There are consequences for failure. That's the simple truth.
As a state, Michigan failed to make difficult decisions for far too long. We spent money we didn't have, our tax structure penalized job creation, and we didn't take a long-term common sense approach to planning for the state's future.
The consequences were severe — we grew an unsustainable level of entitlements, our economy faltered, and the great state that our parents knew was relegated to the national image that its best days were in the past. Nobody understands this better than the hard-working people of Michigan. They bore the brunt of our economic struggles over the last decade, and many watched as their children and grandchildren left their Michigan homes for opportunity elsewhere.
But things are starting to change. The governor and House and Senate leaders are making the difficult decisions. For the last two years, our leaders passed balanced budgets without gimmicks or surprises; they spent only what the state could afford; they reduced our debt; they created a better tax system that rewards hard work and job creation; they asked for greater efficiency and accountability for our tax dollars; improved our accountability in education and government; and they prioritized investments in areas that will provide better opportunities and a brighter future for Michigan. Coupled with the state's reimaging Pure Michigan campaign, we are seeing real growth and feeling better about our future.
But the progress we've made remains at risk from the same forces that caused our decline the past 40 years. On the Nov. 6 ballot, we all will be asked to decide whether or not we give in to those forces or we keep moving Michigan forward.
Proposal 1 asks us to decide whether or not to keep the Emergency Manager Law that is helping financially troubled Michigan communities regain financial stability.
Proposals 2, 3, 4, 5, and 6 ask us to decide whether or not to permanently imbed in our constitution specific labor policy, tax policy, energy policy, and road- and bridge-building policy that promotes the self-interests of particular groups at the expense of Michigan's hardworking taxpayers and our children and grandchildren by making it more costly to live, work, and raise a family here.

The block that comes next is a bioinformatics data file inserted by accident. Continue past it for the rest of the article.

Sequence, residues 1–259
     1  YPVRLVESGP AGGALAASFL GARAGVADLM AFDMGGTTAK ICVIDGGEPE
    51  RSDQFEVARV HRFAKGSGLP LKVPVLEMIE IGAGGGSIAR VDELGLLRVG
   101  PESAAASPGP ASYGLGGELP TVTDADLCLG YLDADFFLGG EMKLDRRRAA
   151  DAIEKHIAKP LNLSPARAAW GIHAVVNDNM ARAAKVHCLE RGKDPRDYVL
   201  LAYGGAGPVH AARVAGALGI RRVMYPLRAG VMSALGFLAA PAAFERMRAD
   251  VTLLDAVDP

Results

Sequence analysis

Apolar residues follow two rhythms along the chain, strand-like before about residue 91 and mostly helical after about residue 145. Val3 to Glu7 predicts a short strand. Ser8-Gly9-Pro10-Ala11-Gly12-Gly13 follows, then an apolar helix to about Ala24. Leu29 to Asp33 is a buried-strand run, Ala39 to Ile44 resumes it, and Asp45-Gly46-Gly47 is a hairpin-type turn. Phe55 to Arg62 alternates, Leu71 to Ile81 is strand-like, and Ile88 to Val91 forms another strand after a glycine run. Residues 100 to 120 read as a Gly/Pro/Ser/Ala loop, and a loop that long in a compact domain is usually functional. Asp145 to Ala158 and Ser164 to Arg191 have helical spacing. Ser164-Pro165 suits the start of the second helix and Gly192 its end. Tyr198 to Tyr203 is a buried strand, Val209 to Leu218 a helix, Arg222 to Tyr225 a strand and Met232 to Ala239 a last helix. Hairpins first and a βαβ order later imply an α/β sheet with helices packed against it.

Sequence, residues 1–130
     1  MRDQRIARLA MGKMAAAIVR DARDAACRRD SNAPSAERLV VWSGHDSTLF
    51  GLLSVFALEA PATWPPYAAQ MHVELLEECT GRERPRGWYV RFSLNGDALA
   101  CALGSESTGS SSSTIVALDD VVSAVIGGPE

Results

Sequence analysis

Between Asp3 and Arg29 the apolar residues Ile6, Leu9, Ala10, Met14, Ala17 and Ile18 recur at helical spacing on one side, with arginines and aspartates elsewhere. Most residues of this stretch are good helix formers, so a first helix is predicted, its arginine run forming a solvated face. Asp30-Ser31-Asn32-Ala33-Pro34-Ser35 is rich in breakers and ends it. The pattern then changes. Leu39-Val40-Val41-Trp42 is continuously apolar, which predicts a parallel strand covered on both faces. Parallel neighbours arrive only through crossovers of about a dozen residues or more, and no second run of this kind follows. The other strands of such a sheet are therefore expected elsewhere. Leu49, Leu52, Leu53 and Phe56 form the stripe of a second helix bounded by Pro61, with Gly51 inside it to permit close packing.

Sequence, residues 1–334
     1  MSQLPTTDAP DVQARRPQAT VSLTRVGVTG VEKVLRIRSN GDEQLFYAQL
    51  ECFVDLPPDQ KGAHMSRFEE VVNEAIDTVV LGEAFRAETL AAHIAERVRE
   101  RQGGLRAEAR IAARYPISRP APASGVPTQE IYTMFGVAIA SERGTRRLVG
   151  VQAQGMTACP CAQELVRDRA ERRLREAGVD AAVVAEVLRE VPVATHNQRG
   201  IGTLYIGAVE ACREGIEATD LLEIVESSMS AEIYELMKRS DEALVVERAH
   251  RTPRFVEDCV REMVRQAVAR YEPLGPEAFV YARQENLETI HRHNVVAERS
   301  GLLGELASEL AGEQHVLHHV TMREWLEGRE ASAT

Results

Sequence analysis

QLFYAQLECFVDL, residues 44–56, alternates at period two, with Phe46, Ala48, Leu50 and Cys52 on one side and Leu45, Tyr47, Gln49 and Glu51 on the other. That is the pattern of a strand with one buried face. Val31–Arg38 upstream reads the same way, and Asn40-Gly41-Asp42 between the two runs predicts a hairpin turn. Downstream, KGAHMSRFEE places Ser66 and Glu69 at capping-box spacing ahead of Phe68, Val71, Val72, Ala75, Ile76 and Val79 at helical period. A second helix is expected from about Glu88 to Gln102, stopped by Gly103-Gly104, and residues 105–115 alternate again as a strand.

To continue moving Michigan forward on a path to more opportunity and a brighter future for Michigan where we all benefit, Business Leaders for Michigan supports keeping the Emergency Manager Law and opposes the proposed amendments that attempt to entrench special interests in our constitution forever. We cannot afford to return to the days of out-of-control spending, no accountability, and our children and grandchildren moving away for greener pastures.
At Business Leaders for Michigan, our vision is to make Michigan a Top Ten state for job, economic and personal income growth. The work to achieve that vision has started, but much work remains. Let's keep moving Michigan forward and get the job done.
About the author: Stephen M. Kircher is president of Boyne Resorts' Eastern Operations. Business Leaders for Michigan; by e-mail at: firstname.lastname@example.org. Business Leaders for Michigan is the state's business roundtable, composed of the chairpersons, CEOs or most senior executives of the state's largest job providers and universities.
About the forum: The forum is a periodic column of opinion written by Record-Eagle readers in their areas of interest or expertise. Submissions of 500 words or less may be made by e-mailing email@example.com. Please include biographical information and a photo.
There are consequences for failure. That's the simple truth.
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